4) The paradox model emphasizes faithfulness in biblical study
The great lesson in exegesis and theological formulation is that faithfulness to the text has
precedence over logical coherence.42
This does not stifle debate as if anyone may shout “paradox” and dogmatically end discussion. No, debate must continue by faithful study with the caution that though we must engage with critical thinking, we must not make logical consistency the dominant principle or ultimate goal.
For example, if Scripture clearly teaches that the natural man has moral inability and if it clearly teaches that he has full responsibility then, however difficult this may be to harmonize logically, we must accept both and work hard to apply both in preaching, teaching, and living. Similarly, if Scripture perspicuously teaches that the natural man is morally unable to do anything good then this teaching ought to take precedence over logical inferences “from Scripture” that contradict that teaching,43 such as the duty/ability inference.
Of course, how we interpret the many passages on inability (blindness, deafness, deadness, etc.44) must reflect faithful exegesis.45
Debate is also legitimate with regard to the “duty implies ability” reasoning to see if it is philosophically problematic, Kantian, and counterintuitive.46
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Pastor Ostella's Footnotes
42 In one sense, admitting paradox is simply another way of saying that God's thoughts are above ours as the heavens are above the earth and it should not surprise us when we face difficulty. What we must do in faithful quest of the truth is pull together biblical data and accept paradox "where it is warranted."(John Frame, Ibid, 323-24). Logic is properly used when it is governed by the recognition of our creaturehood and hence by the recognition of the limits of creaturely reasoning. We must acknowledge the distinction between Creator and creature, and thinking this way must control the use of logic because the laws of logic are founded in the character of God (He is truth and thus there can be no contradiction in His knowledge or revelation). Properly used, the laws of logic will reveal no contradiction in the biblical system of truth because as God's revelation it has no real contradiction.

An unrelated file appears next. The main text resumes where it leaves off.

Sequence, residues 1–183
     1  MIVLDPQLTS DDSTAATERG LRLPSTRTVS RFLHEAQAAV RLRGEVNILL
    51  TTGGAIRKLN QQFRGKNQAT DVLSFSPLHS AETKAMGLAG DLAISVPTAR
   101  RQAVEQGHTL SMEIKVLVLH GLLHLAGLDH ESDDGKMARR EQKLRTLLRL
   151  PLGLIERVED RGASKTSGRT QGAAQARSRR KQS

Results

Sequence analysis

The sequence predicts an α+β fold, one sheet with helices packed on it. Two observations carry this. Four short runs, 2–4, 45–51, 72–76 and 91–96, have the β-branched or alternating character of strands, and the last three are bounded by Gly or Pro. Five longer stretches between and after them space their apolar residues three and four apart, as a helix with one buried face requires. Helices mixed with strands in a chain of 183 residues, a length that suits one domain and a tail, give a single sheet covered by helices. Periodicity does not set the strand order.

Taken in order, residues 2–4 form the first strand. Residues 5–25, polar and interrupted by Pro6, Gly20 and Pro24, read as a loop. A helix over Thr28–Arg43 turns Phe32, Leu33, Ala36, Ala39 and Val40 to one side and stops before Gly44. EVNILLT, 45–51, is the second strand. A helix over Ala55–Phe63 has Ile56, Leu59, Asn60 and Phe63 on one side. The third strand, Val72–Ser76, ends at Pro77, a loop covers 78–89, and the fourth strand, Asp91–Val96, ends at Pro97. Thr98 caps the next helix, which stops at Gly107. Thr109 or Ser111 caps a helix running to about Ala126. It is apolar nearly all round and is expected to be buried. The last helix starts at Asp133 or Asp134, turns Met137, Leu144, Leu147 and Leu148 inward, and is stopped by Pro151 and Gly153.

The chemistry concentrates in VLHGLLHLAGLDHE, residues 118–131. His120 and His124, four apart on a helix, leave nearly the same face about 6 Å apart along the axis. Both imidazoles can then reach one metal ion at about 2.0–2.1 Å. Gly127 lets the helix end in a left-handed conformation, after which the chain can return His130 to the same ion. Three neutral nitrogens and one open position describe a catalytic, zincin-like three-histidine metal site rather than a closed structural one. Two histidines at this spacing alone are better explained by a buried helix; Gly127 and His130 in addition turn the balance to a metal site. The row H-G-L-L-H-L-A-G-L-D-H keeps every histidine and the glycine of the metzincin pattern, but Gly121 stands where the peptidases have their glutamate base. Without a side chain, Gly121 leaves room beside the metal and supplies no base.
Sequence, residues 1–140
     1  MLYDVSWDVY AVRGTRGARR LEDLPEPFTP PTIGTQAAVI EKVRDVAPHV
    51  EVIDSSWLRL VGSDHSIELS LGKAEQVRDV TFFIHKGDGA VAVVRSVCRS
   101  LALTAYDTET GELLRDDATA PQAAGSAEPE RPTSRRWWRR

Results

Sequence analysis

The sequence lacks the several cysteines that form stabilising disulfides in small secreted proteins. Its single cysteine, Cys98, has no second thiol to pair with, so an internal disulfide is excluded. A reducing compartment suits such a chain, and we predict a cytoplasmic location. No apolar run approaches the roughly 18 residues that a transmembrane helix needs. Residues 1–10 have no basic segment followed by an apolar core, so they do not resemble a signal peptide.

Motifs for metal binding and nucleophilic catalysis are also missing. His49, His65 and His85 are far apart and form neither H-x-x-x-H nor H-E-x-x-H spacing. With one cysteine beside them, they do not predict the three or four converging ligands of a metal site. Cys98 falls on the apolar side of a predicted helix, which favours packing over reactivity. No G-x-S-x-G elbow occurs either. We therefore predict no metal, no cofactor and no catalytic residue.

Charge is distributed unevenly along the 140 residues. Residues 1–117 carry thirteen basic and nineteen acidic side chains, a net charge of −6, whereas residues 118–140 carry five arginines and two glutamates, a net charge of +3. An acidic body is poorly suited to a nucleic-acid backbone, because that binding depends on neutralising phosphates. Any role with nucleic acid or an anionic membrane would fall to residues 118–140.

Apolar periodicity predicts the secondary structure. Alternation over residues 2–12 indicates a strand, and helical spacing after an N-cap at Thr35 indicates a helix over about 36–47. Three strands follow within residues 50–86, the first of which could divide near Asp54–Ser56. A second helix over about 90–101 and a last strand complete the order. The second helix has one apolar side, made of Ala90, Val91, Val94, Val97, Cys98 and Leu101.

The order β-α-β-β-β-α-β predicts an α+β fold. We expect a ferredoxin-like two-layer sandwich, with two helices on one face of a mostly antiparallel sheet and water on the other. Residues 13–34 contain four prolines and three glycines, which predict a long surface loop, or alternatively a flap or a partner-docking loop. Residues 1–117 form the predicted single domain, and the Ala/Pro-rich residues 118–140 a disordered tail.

43In this light, the inference that people (believers and non-believers alike) draw from duty to ability wrongly sets aside the biblical teaching about moral inability. The command to keep the whole law of God in its spirit and intent is a duty; from that we must not set aside the doctrine that an evil tree cannot bear good fruit. In turn, the fact that lost sinners have the command to repent and believe does not allow us to infer to their ability to believe and repent such that we set aside all the clear texts on moral inability with respect to faith.
44 Cf. Cunningham, Historical Theology, II, 586-588 and The Canons of Dort, “Third and Fourth Heads of Doctrine: The Corruption of man, His Conversion to God, and the Manner Thereof.”
45 Our interpretations must be subject to examination by the church at large. Nonetheless, it should be easy for us to see (by the aid of the paradoxicality model) that there are scores of inability texts and “cannot” texts. It is reasonable to affirm that we must keep them front and center in our discussions with acute awareness of the philosophically problematic nature of the “duty implies ability” challenge to the “clear” message of the “cannot” texts.
46 It is perhaps the result of the failure to preserve the distinctiveness of the “duty implies ability” principle to
Christians who have the indwelling Spirit and can discern spiritual things. It is the natural man that can do nothing good whatever.